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Abby Crawford Milton

From Wikipedia, the free encyclopedia

Abby Crawford Milton (6 February 1881 – 2 May 1991[1]) was an American suffragist.[2][3] She was the last president of the Tennessee Equal Suffrage Association.[3] She traveled throughout Tennessee making speeches and organizing suffrage leagues in small communities.[3] In 1920, she, along with Anne Dallas Dudley and Catherine Talty Kenny, led the campaign in Tennessee to approve ratification of the Nineteenth Amendment to the US Constitution.[4][5] On August 18, Tennessee became the 36th and deciding state to ratify the amendment, thereby giving women the right to vote throughout the country.[4]

After the Nineteenth Amendment was ratified, Milton became the first president of the League of Women Voters of Tennessee.[3] She also worked toward the creation of the Great Smoky Mountains National Park and attended Democratic national conventions as a delegate-at-large.[3] In 1924 she gave the seconding nomination speech for William Gibbs McAdoo as he ran for the Democratic presidential nomination.[3] In the late 1930s she ran as a New Deal Democrat for the Tennessee State Senate, but lost.[3]

On August 26, 2016, as part of Women's Equality Day, a monument by Alan LeQuire was unveiled in Centennial Park in Nashville, featuring depictions of Milton, Carrie Chapman Catt, Anne Dallas Dudley, Juno Frankie Pierce, and Sue Shelton White.[6][7]

Personal life

Abby Crawford Milton was born in Milledgeville, Georgia to newspaper publisher Charles Peter Crawford and Anna Ripley Orme.[8]

In 1904, Abby, married George Fort Milton Sr., an editor of the Pro-Suffrage Chattanooga News, this was George's second marriage.[8][9] While George was busy with the newspaper, Abby went to school. She attended Chattanooga College of law where she received her law degree but never practiced it.[9] Together, George and Abby had three daughters; Corine, Sarah Ann, and Frances. When George's first wife, Caroline Mounger McCall died in 1897, she left a son behind, George Fort Milton Jr. He became Abby's stepson when she married George.[8] When George F. Milton Sr. died in 1924, Abby and stepson George took over the Chattanooga News until it was sold in the 1930s.[10]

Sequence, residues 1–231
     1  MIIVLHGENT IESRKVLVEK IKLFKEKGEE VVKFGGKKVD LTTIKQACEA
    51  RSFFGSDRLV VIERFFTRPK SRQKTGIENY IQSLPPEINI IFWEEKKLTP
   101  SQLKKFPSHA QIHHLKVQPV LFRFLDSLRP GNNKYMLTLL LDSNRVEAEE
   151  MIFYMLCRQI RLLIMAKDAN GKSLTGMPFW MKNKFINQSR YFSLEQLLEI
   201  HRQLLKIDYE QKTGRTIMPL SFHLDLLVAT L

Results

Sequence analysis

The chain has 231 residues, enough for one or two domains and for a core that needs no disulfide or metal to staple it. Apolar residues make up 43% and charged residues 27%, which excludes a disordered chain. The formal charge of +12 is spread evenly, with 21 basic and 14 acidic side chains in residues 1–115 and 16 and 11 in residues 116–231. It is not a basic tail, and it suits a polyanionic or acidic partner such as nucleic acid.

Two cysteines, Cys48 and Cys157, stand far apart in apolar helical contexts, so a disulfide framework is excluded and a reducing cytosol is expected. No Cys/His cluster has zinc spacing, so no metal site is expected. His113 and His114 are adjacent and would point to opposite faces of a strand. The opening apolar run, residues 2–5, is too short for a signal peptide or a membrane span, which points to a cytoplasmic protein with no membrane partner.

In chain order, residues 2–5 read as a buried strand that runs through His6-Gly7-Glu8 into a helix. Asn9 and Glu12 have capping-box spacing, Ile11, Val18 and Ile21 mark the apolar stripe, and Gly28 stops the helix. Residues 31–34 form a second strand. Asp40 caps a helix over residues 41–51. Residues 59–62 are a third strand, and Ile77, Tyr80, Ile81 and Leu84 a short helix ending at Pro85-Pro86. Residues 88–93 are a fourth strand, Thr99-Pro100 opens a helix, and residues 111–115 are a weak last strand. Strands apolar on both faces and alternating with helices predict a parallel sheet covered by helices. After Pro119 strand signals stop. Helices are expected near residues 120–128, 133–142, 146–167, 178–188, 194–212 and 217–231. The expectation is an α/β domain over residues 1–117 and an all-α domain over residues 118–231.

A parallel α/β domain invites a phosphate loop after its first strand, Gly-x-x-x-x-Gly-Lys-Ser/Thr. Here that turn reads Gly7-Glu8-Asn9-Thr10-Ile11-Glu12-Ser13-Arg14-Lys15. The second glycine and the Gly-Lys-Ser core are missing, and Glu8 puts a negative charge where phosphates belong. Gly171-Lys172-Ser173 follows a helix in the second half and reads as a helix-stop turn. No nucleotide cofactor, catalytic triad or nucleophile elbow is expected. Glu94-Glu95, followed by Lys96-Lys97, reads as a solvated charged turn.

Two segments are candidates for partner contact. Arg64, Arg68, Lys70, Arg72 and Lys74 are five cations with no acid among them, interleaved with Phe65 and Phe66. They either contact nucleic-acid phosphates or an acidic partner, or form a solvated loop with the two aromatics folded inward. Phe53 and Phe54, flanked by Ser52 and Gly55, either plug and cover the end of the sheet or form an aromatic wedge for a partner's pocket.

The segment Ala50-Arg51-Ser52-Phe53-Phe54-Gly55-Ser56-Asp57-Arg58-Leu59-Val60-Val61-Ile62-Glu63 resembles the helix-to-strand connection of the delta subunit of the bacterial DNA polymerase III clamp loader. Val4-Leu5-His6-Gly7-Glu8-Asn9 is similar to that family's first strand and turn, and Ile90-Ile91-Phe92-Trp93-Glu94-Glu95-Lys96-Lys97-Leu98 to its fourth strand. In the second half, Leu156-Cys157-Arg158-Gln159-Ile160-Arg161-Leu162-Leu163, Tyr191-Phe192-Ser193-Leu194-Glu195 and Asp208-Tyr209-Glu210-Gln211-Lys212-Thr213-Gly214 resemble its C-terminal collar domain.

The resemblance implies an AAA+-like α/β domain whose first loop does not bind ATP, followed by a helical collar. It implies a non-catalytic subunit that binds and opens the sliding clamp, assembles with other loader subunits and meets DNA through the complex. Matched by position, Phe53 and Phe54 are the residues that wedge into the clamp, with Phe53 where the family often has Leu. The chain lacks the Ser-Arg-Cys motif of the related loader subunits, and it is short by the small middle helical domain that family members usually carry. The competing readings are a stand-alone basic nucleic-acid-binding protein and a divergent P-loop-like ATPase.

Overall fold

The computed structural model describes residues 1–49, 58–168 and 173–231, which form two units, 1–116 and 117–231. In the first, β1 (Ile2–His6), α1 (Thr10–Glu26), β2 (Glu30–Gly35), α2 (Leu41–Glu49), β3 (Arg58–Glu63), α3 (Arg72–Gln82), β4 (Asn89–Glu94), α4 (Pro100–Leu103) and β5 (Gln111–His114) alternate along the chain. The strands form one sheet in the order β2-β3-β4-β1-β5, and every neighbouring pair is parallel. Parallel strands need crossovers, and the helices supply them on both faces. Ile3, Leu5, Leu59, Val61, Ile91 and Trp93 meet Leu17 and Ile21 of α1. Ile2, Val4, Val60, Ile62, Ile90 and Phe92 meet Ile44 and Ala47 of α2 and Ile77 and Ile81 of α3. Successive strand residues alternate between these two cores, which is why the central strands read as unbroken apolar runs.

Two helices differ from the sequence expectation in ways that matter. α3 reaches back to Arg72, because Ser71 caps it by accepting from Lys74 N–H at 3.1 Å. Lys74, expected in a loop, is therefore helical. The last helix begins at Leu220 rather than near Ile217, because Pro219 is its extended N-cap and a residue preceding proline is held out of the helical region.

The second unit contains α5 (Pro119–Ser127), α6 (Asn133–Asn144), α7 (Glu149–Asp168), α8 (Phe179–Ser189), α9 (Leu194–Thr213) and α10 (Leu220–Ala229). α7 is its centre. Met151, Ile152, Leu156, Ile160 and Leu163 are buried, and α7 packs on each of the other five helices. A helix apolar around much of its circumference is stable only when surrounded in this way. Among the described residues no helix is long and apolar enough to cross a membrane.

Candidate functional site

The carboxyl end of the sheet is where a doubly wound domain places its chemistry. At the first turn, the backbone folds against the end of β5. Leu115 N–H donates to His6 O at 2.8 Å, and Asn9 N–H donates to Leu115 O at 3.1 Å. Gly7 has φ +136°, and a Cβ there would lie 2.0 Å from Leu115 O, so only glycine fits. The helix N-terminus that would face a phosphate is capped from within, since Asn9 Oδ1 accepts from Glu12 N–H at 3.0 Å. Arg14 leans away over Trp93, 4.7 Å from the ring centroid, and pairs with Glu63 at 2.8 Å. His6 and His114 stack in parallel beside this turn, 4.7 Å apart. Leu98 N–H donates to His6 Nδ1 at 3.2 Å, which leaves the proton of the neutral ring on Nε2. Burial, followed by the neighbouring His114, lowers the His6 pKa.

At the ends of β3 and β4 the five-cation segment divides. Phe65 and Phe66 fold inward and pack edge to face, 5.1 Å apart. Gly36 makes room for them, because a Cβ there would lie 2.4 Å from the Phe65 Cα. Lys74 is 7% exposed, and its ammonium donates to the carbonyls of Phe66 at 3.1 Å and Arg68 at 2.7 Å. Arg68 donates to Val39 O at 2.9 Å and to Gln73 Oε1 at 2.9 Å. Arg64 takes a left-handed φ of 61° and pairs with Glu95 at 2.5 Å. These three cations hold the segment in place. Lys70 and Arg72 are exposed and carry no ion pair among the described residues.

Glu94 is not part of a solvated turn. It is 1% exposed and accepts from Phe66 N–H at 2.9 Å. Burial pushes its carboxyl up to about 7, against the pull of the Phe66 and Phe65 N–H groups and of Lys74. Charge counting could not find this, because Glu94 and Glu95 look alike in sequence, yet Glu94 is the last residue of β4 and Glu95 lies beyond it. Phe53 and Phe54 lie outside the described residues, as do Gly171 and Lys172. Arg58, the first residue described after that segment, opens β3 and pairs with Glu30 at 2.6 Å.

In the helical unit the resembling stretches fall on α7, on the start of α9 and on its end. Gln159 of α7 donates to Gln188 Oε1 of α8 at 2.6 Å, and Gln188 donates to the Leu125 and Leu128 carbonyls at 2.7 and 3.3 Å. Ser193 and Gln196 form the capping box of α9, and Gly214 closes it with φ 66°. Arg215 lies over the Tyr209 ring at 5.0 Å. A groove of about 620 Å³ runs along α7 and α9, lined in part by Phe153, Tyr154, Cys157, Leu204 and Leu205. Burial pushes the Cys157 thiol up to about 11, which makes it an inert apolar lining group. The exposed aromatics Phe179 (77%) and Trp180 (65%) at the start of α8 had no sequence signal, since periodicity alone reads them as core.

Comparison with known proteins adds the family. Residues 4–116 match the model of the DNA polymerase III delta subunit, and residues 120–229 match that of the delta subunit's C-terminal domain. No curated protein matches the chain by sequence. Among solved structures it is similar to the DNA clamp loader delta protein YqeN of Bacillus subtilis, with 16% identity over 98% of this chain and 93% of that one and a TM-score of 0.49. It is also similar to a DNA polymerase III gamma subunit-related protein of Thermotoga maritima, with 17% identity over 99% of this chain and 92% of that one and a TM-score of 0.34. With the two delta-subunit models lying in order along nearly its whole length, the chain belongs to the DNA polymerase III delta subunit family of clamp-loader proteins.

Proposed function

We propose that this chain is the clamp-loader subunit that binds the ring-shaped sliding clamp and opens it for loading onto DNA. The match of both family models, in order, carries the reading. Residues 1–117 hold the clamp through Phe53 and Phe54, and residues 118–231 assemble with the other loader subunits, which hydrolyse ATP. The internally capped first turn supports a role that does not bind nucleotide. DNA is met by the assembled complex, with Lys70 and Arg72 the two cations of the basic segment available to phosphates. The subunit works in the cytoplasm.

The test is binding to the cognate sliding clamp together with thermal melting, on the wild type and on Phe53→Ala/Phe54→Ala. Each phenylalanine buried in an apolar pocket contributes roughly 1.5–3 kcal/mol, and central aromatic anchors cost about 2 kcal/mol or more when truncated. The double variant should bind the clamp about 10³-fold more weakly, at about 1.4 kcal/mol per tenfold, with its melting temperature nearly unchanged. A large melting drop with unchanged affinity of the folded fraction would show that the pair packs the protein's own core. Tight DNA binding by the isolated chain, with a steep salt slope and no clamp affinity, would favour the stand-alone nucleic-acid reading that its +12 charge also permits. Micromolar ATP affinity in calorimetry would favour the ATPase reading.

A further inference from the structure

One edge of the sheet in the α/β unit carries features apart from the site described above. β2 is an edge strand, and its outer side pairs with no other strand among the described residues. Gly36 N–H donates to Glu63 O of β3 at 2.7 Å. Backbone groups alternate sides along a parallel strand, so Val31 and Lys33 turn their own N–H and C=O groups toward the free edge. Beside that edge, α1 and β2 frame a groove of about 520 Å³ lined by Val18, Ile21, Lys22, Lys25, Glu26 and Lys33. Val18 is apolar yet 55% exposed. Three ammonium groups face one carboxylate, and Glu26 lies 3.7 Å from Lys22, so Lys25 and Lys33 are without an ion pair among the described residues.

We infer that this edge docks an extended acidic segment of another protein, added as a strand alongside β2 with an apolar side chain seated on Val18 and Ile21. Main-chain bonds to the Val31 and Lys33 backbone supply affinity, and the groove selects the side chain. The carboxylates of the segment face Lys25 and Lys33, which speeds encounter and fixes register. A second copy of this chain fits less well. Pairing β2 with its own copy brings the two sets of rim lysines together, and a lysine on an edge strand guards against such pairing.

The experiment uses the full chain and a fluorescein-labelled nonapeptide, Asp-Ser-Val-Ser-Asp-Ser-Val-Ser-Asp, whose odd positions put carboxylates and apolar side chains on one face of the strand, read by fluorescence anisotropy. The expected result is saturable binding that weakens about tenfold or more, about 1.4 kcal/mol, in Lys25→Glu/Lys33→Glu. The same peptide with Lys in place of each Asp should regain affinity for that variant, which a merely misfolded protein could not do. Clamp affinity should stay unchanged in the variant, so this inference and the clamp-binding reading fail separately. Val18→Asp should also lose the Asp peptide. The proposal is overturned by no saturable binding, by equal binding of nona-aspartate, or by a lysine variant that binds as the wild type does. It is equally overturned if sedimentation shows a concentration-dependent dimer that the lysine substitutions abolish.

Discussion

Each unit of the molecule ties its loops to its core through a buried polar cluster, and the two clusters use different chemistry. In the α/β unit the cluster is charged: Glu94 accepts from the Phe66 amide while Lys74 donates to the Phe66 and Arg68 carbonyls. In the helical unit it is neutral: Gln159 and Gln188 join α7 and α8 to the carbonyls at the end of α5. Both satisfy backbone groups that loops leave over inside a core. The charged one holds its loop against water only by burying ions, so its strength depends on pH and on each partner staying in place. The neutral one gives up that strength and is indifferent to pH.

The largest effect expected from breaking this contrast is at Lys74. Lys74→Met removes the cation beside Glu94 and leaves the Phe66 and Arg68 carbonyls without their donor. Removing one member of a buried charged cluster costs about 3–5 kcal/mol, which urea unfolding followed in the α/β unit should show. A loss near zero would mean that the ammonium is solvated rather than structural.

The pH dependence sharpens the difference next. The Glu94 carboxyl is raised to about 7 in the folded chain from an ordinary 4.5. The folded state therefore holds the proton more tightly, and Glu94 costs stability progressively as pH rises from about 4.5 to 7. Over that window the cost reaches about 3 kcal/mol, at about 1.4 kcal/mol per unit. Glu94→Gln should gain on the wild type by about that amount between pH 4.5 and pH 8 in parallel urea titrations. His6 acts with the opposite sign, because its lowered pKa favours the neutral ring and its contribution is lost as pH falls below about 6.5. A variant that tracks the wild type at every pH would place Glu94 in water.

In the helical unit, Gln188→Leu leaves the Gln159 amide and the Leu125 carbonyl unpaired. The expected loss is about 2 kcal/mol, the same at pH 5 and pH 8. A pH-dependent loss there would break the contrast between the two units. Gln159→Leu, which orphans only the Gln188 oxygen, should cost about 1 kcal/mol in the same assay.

Later, Abby Crawford Milton moved to Clearwater, Florida where she began to write.[9] She published "A Report of the Tennessee League of Women Voters," "The Magic Switch," poetry for children; "Caesar's Wife and Other Poems"; "Lookout Mountain"; "Flower Lore"; and "Grandma Says".[10]

Further reading and resources

References

  1. ^ Gerontology Research Group: Photo gallery of supercentenarians born in 1881
  2. ^ Tennessee Through Time, The Later Years. Gibbs Smith. 1 August 2007. pp. 172–. ISBN 978-1-58685-806-3.
  3. ^ a b c d e f g Carole Stanford Bucy (December 25, 2009). "Abby Crawford Milton". The Tennessee Encyclopedia of History and Culture, Version 2.0. Tennessee Historical Society. Retrieved 2015-09-07.
  4. ^ a b "Services For Mrs. Dudley To Be Held Thursday". Nashville Banner. September 14, 1955.
  5. ^ Anastatia Sims (1998). "Woman Suffrage Movement". In Carroll Van West. Tennessee Encyclopedia of History and Culture. Tennessee Historical Society. ISBN 1-55853-599-3.
  6. ^ "Women's Suffrage Monument Unveiled - Story". Newschannel5.com. Retrieved 2016-08-27.
  7. ^ "Nashville's Newest Monument Celebrates State's Role In Women's Winning The Right To Vote". Nashville Public Radio. Retrieved 2016-08-27.
  8. ^ a b c "Gaston: Abby Crawford Milton, advocate for women". timesfreepress.com. Retrieved 2017-03-09.
  9. ^ a b c "Abby Crawford Milton (1881 - 1991) - Find A Grave Memorial". www.findagrave.com. Retrieved 2017-03-09.
  10. ^ a b "Milton, Abby Crawford". myweb.wvnet.edu. Archived from the original on 2016-03-16. Retrieved 2017-03-09.
This page was last edited on 29 September 2018, at 22:06
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